All of this requires customers to get comfortable with a new notion: increasing dynamism in offerings. Airlines are a great example of this. No one ever pays the same price for a seat on the plane, yet oddly, no one asks his seatmate whether he got a fairer price than his own. But now, products and services offered at dynamic prices and terms to different individuals, regardless of their participation in a loyalty program, will accelerate rapidly. Everything is dynamic all the time, just like the human condition. Ironically, real-time analytics technology can enable a company’s offerings to be more human.
IoT Gets Closer To Reality
Another trend we can expect to see this year involves the Internet of Things (IoT). You’re probably thinking, “It feels like IoT has been on the trend list for years. Why will this year be different?”
These days, computers and mobile devices aren’t the only things with network connectivity. Smart products, such as TVs, cars, thermostats, motion-sensor lights, and even household appliances, are being designed to use data and a wireless Internet connection to complete automated tasks. If you’re not careful, you’ll soon own a refrigerator that prepares the meal plan for the night and orders the necessary staples to deliver on it. Let’s just hope it still knows how to keep it fresh!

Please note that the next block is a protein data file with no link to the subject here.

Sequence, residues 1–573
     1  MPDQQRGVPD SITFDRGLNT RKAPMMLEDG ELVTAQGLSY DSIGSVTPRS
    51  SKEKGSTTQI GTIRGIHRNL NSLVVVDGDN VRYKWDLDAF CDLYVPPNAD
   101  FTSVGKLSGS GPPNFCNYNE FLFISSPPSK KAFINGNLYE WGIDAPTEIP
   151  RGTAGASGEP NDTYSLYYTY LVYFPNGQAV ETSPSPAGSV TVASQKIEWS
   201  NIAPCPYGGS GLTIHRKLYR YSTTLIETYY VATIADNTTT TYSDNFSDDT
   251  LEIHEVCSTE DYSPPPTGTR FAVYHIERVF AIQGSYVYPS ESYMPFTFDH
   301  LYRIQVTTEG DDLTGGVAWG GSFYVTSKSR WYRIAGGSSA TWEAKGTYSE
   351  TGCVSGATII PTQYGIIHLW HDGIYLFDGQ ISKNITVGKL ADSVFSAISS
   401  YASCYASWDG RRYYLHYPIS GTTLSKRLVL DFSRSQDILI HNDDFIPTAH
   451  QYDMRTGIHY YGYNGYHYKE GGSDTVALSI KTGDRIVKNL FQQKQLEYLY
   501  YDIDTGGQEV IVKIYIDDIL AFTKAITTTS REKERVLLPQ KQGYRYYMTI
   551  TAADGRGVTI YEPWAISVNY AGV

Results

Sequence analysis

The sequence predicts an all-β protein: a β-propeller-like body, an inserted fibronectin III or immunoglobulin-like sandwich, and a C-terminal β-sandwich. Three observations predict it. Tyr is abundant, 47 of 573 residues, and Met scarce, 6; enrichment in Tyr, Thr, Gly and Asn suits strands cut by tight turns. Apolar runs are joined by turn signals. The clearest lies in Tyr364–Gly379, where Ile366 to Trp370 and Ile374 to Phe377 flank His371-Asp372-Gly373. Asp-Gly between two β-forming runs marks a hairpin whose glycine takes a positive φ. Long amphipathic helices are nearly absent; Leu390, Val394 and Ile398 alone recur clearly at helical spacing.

But we’ve heard these “Jetsons” types of stories before. Why is the future taking so long? It goes back to the security issue again. Who do you want to be the trustee of your data? The company that manufactured the device or appliance? The retailer who sold it to you? The government? All of these entities have proven fallible when it comes to data security, so the answer is likely “no.” Millennials, who are less concerned about data privacy than others, aren’t the majority of the market yet, and we just haven’t found a satisfactory data trustee for the rest of us.
IoT technologists are hard at work on the issue via distributed data security frameworks. Think Bitcoin or iPhones. Only one copy of the passcode exists, and it’s on the mobile device without a centralized record. The user’s memory is the only other record. Enabling cybersecure sensors in this simple way is the linchpin of IoT opportunity.
From a real-time analytics standpoint, the IoT offers more insight into consumers’ everyday behaviors. With so many smart devices sending data back and forth to one another comes a growing need to collect that data, store it, and analyze it. For example, companies will now have immediate access to real-time product utilization information, such as how often consumers use the coffee machines and other appliances in their homes or, more dramatically, where, how, and when they spend most of their time outside of the workplace.
Of course, the more connected devices are, the more invasive it may feel to consumers’ privacy. Offering early adopters a sense of security so it doesn’t look like a battle between man and machine (or man and corporation) could help mitigate this problem.
See what the Twitterverse is saying about big data: